Wednesday 24 March 2021


If you are a regular visitor to Desert Psychlist you will already know that music from the Greek underground is something that gets featured fairly frequently on these pages, the reason for that is not because we are on some sort of financial retainer from the Greek Arts Council but just simply because there is so much great music emanating from that country. There doesn't seem to be a month passes by without something from a new or an established Greek based combo landing on our cluttered desk demanding to be heard with the best part of that being that very rarely do any those submissions disappoint. Disappointment is not an emotion you will feel when listening to BLACK JUJU's latest release, the band who hail from Larissa, Thessaly first turned our heads with their 2012 debut "Letters From My Brother Cain" an ass-kicking collection of Sabbath-esque proto-doom and Orange Goblin-ish heavy/stoner metal, this year the band return with their second full length album "Purple Flower, Garden Black" (Sleaszy Rider Records) and we are glad to announce it's business as usual. 

Opening song "Jaguar Paw", an instrumental, establishes BLACK JUJU's Sabbathian credentials by grooving Iommi inspired refrains over a proto-doomic groove that embodies all the usual time and tempo changes you would expect from something with this type of flavoring. Not a band wanting to thought of as just another bunch of Sabbath clones BLACK JUJU change things up for next track "Hiawatha", the songs tribal rhythms ,overlaid with dark chugging guitar tones is further enhanced by a wordless vocal that assimilates Native American chanting, an idea that when written down on paper might sound kind of crazy but is one that sonically strangely works. "V.F.T." erupts out of the speakers with delightful furiosity on a wave of squealing pinched harmonics and crunching powerchords, courtesy of guitarist Dimitris 'Omiros' Tsimbonis, driven hard by Kostas Gagalis' deep growling bass and Vagios Alexopoulos' thundering percussion. This is also the first time on "Purple Flower, Garden Black" that we get to hear vocalist Panos Dimitriou stretching his vocal chords in a more traditional singing style, his voice a clean gritty mix of southern flecked roars and croons tinted with just a hint of twinkle eyed mischievousness and tongue in cheek malice. "Soulstealer" begins with the sound of someone gargling then immediately jumps into a sleazy heavy stoner groove that is probably more Monster Magnet than it is Sabbath, a groove that finds Dimitriou hamming it up in almost Alice Cooper like fashion in the role of the songs principle character. "Burn Me (When I Die)" has the feel of one those torch songs so beloved of Southern Rock bands, a sort of  condensed "Freebird" or "Green Grass and High Tides" for the stoner generation while "Black Hearted River" finds the band dipping their toes into more traditional doom waters with very pleasing results. For next track "Acid King" Tsimbonis digs out his wah pedal and Zakk Wylde book of guitar harmonics for a song that spits and snarls with dark doomic menace, a shapeshifting groove fest that you will not want to end. "(A Song For) Sorrow" utilizes ringing arpeggios and phase heavy guitar tones over a laid back groove of liquid bass and restrained percussion, a combination of sounds that provides the perfect setting for Dimitriou to tell, in grizzled southern tones, his melancholic tale of woe. "Flesh And Blood" mixes up its doom with touches of strident stoner metal bluster to create a sound that will resonate with fans of both genres while closing track "Gloomy Sunday" stays mainly within doom territory but brings a little theatrical vocal dramatics into play to give things an almost operatic feel.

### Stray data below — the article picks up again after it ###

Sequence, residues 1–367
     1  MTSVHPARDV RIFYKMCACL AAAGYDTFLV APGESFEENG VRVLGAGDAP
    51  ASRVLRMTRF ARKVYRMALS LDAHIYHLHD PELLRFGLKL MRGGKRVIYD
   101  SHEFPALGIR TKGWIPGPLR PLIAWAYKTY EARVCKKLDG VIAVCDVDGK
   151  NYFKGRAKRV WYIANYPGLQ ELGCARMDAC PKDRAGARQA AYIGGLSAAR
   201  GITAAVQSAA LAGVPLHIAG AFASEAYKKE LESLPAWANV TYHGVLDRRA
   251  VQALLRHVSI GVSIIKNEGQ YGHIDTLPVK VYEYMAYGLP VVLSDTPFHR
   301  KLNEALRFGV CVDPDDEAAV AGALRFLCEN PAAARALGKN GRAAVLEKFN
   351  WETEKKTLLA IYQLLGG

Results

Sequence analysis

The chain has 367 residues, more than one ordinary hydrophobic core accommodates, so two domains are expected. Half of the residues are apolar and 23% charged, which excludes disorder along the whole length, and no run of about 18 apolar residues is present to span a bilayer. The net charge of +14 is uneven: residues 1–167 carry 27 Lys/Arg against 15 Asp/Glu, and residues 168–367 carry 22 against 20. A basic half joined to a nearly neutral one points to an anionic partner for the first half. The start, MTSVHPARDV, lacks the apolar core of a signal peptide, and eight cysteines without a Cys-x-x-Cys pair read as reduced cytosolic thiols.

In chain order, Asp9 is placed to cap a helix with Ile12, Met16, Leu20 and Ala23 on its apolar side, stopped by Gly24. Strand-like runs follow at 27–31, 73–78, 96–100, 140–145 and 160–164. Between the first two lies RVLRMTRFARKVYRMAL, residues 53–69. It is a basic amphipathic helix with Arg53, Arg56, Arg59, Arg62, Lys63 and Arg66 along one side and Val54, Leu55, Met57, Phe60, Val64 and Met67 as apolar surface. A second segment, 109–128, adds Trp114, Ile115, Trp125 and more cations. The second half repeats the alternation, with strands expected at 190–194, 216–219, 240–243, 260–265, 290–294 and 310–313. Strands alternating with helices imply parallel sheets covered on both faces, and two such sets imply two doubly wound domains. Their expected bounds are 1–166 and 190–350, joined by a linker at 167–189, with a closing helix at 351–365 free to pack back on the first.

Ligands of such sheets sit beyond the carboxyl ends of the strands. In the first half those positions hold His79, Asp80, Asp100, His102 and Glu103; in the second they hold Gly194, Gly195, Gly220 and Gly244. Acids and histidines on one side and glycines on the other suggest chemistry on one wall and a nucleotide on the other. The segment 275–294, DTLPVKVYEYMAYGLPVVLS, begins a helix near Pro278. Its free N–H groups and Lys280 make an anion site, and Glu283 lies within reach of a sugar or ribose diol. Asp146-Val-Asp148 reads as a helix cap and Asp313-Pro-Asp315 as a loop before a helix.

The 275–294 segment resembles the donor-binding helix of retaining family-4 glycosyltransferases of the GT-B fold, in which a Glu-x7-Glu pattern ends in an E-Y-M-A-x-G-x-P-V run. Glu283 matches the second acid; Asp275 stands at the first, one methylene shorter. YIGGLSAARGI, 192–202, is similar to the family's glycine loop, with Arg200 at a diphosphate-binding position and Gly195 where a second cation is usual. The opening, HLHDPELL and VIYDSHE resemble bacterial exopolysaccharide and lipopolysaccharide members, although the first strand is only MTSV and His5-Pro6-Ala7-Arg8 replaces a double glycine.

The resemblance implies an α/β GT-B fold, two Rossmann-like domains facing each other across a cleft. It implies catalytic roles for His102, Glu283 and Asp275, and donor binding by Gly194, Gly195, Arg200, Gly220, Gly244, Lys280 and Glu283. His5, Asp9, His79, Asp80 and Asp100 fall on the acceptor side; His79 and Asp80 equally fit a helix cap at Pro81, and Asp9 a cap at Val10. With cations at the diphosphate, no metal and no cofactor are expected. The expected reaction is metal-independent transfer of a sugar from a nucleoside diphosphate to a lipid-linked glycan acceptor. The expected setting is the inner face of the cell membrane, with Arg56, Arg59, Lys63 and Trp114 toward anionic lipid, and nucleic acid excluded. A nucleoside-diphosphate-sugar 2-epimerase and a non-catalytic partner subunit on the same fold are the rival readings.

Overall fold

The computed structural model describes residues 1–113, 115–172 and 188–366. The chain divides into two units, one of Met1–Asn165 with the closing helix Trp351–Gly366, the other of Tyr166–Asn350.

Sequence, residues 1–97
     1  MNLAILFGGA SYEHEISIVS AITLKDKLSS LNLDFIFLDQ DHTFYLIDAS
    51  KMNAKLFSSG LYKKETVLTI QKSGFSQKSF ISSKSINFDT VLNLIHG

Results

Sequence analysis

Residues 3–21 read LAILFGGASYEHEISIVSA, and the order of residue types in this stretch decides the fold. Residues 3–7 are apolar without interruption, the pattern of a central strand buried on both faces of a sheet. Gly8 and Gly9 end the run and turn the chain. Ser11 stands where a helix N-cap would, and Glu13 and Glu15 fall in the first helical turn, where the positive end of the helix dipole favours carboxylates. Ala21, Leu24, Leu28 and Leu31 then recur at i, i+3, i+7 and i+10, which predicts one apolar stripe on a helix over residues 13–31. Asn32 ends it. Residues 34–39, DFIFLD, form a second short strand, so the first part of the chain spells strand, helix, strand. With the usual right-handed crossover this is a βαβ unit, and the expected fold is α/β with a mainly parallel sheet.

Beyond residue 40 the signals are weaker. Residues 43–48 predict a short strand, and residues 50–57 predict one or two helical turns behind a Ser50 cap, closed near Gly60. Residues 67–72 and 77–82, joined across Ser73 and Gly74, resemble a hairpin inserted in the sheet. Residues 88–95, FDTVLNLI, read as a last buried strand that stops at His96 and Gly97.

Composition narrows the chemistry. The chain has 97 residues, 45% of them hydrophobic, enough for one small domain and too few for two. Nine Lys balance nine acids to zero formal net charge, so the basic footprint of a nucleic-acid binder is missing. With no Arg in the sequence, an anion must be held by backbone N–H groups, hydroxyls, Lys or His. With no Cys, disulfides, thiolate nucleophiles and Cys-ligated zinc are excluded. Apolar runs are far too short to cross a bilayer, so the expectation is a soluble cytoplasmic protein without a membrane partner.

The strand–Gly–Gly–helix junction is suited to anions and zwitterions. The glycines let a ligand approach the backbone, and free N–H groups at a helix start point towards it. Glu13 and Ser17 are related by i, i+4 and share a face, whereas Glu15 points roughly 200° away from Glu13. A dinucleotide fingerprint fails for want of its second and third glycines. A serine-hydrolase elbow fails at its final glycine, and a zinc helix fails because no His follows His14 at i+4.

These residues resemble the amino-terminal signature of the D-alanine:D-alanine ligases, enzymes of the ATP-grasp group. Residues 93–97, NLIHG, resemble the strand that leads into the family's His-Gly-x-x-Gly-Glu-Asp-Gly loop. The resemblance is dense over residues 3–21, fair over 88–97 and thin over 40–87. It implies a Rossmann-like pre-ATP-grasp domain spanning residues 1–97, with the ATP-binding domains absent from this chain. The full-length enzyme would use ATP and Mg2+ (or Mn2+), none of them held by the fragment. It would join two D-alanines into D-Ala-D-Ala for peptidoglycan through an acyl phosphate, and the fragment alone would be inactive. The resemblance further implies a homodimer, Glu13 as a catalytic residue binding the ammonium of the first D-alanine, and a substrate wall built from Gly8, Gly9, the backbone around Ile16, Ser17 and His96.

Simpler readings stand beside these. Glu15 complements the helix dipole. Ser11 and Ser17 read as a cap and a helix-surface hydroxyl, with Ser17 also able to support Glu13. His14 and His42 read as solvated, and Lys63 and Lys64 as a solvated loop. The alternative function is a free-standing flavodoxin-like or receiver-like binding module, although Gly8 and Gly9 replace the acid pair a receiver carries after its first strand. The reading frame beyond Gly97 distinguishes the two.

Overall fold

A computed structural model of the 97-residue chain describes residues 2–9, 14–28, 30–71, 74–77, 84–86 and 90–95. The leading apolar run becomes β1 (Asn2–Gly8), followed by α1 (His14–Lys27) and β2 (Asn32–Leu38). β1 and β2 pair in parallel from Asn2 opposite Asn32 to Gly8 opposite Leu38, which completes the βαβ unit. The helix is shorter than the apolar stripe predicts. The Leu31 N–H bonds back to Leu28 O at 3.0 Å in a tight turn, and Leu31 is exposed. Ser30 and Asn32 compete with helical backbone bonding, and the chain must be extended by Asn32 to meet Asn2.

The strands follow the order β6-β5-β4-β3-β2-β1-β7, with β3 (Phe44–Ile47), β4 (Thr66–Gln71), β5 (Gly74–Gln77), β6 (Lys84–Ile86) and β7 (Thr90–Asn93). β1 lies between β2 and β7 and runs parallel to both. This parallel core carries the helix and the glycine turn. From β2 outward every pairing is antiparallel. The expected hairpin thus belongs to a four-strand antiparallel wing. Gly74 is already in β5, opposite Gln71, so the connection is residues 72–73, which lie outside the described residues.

Absolutely guaranteed enjoyment from its first note to its last "Purple Flower, Garden Black" is an album that ticks all the right boxes, an album that blends aspects of 70's southern rock and proto-metal, 80's heavy metal and 90's stoner rock together with elements of present day doom and psych to create a sound that is timeless, grooves that will stand the test of time and be just as enjoyable in 3021 as they are in 2021.

© 2021 Frazer Jones

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